Credit: Abby Rose
To the reverberation of the organ’s final chords of ‘Hooray for Hollywood!’, the curtains opened on the 50th edition of the longest running annual celebration of film in the US. With passion, humour and a strong streak of irreverence, Ann Arbor’s extravaganza of artists’ cinema passed from middle age to wisdom. Happy birthday!
“So you’ve come to every festival for 50 years?! Seen a film you like yet?”
—2012 Ann Arbor Film Festival meme
The festival was initiated in 1963 by George Manupelli, an artist teaching at the University of Michigan in the small midwestern town of Ann Arbor, 40 miles from Detroit. Initially occupying an academic auditorium, by the mid 1960s the festival was the annual place to be for a network of cineastes including Bruce Baillie, one of this year’s guests of honour. Its importance was even felt in the New York art scene – the fourth festival headlined Up Tight with Andy Warhol, featuring the Velvet Underground performing in a hail of 16mm projector beams as a prototypical expanded-cinema event.
March-April 2012 | Michigan, USA
“Fifty is an important milestone, yet the festival feels so fresh,” says festival director Donald Harrison. “This year we’ve seen the largest influx of people who study, write and make film for a living outside the commercial realm. New curators, programmers, writers, critics – it’s very exciting to have this many people together in Ann Arbor.” (The awards jury equally spanned the ages, from senior filmmaker and educator Peter Rose to his younger counterpart Michael Robinson, alongside Pacific Film Archive curator Kathy Geritz.)
The festival usually presents around 200 films, around five of which are of feature length. This year each of the 11 competition screenings saw the sly inclusion of a significant film from festivals past, laying bare many of the persistent forms and themes of artists’ cinema as well as its ongoing rude health. A rarity like Arthur Lipsett’s 21-87, originally shown here in 1964 and reinserted in ‘Films in Competition 6’, represented an early engagement with found footage, surveillance and the machine-like aspects of modern experience, all still significant preoccupations. And the audiences seemed as delighted by the experiment as the programmers.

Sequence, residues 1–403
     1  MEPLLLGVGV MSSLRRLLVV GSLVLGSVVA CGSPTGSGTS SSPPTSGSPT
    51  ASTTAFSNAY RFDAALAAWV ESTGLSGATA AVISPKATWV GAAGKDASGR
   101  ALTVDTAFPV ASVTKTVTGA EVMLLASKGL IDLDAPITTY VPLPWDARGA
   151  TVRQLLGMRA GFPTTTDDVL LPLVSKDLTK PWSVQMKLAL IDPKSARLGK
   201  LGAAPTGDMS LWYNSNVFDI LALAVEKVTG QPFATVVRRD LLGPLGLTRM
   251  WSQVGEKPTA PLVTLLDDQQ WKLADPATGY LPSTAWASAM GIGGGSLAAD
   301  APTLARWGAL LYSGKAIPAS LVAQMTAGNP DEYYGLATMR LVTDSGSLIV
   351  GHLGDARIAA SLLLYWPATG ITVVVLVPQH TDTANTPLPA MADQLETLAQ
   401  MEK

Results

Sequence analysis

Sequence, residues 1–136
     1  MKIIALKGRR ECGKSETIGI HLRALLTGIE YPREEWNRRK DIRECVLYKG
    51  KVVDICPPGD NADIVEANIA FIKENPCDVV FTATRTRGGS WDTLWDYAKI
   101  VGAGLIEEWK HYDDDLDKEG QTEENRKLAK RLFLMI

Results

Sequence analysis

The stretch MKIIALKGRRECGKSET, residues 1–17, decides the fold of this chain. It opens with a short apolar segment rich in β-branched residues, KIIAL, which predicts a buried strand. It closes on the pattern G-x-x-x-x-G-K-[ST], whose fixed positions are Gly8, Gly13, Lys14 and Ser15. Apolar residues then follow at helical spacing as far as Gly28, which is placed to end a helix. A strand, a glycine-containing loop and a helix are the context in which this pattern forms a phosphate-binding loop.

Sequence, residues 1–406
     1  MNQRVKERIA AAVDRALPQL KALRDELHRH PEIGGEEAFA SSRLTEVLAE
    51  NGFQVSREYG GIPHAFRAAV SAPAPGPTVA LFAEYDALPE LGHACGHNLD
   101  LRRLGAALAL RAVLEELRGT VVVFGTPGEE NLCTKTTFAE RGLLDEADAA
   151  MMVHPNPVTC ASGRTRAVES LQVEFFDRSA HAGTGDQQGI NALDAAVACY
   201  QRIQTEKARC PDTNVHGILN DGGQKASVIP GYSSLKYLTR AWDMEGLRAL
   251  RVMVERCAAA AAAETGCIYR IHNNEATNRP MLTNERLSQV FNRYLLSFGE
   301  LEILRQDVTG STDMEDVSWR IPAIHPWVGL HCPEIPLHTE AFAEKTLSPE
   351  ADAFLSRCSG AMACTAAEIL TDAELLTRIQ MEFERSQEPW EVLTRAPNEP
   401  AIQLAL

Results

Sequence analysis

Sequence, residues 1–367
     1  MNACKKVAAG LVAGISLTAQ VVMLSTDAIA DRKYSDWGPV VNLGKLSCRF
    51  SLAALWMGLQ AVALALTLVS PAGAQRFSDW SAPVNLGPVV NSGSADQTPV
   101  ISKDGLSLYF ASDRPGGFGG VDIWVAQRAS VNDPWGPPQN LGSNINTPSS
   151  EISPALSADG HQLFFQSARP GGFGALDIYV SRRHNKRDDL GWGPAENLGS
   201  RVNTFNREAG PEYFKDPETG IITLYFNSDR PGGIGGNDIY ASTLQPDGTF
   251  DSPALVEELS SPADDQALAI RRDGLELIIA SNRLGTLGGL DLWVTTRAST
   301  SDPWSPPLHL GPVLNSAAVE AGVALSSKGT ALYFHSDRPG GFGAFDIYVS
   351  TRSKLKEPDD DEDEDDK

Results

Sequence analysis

Feature-length works in competition ranged the from the micro-scaled, almost mineral, monochrome abstraction of Betzy Bromberg’s Voluptuous Sleep to Scottish artist Luke Fowler’s All Divided Selves, a new take on the impact and legacy of RD Laing using a thematically complex ensemble of archive and film diary. Special mention is also due to Simone Rapisarda Casanova’s The Strawberry Tree, a closely observed yet formally precise portrait of a Cuban fishing hamlet whose inhabitants begin to contest the terms of their representation.
Sidebars played to full houses. A hot ticket was ‘Space / Time’, a two-programme survey of Japanese experimental film from the 1970s to today, curated by Ann Arbor’s programmer David Dinnell and filmmaker Tomonari Nishikawa. The work employed an exciting yet refined take on structural cinema, and pleas for these programmes to become available were widespread.